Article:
Hesius (Ar)
Lykourgos (Brundisium)
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Passage Hand
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Year 10,171 Contasta Ar


Love For



Here are relevant references from the Books where Love For is mentioned.
I make no pronouncements on these matters, but report them as I find them.
Arrive at your own conclusions.

I wish you well,
Fogaban




Click a heading to jump down to that listing.



Main Headings

Love for a City
Love for a Leader
Love for an Animal
Love for Citizens
Love for a Garden
Love for Kurii
Love for Priest-Kings
Love for Ships
Love for the Home Stone
Love for the Nest


 


Love for a City
To The Top


I truly believe that the brave men of Ar, in their valorous if blind love for their city, would have maintained the walls until the last slain warrior had been thrown from them to the streets below, but the Initiates would not have it so.
Tarnsman of Gor     Book 1     Page 187


"This is a great city," said Cabot, "and yet it is not loved. How many are there here who would die for this city? How many who would defend to the death its perimeters? How many who would submit to torture on its behalf?"

"You're drunk," I said, smiling.

"This city is not loved," he said. "Or it would not be used as it is, kept as it is."

He walked sadly away.
Outlaw of Gor     Book 2     Pages 14 - 15


Of course, as every Gorean knows, cities too are mortal, for cities can be destroyed as well as men. And this perhaps makes them love their cities the more, for they know that their city, like themselves, is subject to mortal termination.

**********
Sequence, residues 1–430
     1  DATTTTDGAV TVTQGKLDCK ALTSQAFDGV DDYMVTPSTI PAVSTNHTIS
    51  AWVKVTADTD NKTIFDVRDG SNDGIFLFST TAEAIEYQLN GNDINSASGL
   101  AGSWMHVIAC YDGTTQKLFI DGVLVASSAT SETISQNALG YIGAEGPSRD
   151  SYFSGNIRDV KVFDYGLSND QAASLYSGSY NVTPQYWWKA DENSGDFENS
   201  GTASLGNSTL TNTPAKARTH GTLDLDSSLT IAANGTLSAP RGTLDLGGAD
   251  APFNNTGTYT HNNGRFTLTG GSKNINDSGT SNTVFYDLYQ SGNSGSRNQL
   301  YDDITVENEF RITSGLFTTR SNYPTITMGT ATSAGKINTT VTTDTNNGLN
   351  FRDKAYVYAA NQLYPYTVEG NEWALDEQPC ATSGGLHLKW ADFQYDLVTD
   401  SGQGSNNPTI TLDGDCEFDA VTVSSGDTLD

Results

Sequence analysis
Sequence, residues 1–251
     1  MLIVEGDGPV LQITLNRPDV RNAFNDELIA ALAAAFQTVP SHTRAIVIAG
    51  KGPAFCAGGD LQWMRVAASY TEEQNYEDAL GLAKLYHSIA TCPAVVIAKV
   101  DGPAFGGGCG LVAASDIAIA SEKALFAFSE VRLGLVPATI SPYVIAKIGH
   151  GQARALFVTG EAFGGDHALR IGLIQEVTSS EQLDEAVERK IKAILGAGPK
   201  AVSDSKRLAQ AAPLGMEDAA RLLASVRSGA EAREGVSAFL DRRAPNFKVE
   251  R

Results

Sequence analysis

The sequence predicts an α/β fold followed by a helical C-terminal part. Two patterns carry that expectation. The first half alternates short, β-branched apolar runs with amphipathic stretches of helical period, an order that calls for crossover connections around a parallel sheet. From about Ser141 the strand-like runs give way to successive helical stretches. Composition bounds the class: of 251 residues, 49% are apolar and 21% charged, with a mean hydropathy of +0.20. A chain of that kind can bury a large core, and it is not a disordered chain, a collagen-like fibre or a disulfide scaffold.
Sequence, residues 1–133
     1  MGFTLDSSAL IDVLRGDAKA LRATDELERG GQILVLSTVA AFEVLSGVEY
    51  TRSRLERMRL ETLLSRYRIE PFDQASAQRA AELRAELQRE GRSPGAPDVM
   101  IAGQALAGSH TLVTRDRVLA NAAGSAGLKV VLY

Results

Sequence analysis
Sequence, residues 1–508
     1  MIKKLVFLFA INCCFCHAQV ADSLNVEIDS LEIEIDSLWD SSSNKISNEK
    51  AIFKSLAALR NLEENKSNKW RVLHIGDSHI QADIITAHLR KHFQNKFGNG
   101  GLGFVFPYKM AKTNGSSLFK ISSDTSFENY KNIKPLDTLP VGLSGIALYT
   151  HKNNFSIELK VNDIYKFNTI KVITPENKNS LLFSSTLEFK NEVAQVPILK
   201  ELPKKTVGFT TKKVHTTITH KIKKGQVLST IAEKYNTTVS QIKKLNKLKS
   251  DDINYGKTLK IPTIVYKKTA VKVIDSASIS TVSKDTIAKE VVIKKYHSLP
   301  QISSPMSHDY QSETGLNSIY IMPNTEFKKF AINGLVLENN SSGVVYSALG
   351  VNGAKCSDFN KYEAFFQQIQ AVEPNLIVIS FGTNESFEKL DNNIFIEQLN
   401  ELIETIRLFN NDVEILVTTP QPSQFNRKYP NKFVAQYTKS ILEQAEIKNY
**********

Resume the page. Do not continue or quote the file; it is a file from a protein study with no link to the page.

This love of their city tends to become invested in a stone which is known as the Home Stone, and which is normally kept in the highest cylinder in a city.
Outlaw of Gor     Book 2     Page 22


And, as the torches burned lower in the wall racks, the singer continued to sing, and sang of gray Pa-Kur, Master of the Assassins, leader of the hordes that fell on Ar after the theft of her Home Stone; and he sang, too, of banners and black helmets, of upraised standards, of the sun flashing on the lifted blades of spears, of high siege towers and deeds, of catapults of Ka-la-na and tem-wood, of the thunder of war tharlarion and the beatings of drums and the roars of trumpets, the clash of arms and the cries of men; and he sang, too, of the love of men for their city,
Raiders of Gor     Book 6     Page 226


"As you know," said Samos, speaking evenly, "Port Kar is not the most loved, nor the most greatly respected nor highest honored among the cities of Gor."
Raiders of Gor     Book 6     Page 161


"And what of Port Kar?" I asked.

"She has no Home Stone," said one of the men.

I smiled. It was true. Port Kar, of all the cities on Gor, was the only one that had no Home Stone. I did not know if men did not love her because she had no Home Stone, or that she had no Home Stone because men did not love her.
Raiders of Gor     Book 6     Page 250


And, suddenly, the room was filled with cheers and more than a hundred weapons left their sheaths and saluted the Home Stone of Port Kar. I saw weathered seamen weep and cry out, brandishing their swords. There was joy in that room then such as I had never before seen it. And there was a belonging, and a victory, and a meaningfulness, and cries, and the clashing of weapons, and tears and, in that instant, love.
Raiders of Gor     Book 6     Page 252


"Do you love the city so?" I asked.

Samos smiled. "It is the place of my Home Stone," he said.
Raiders of Gor     Book 6     Page 301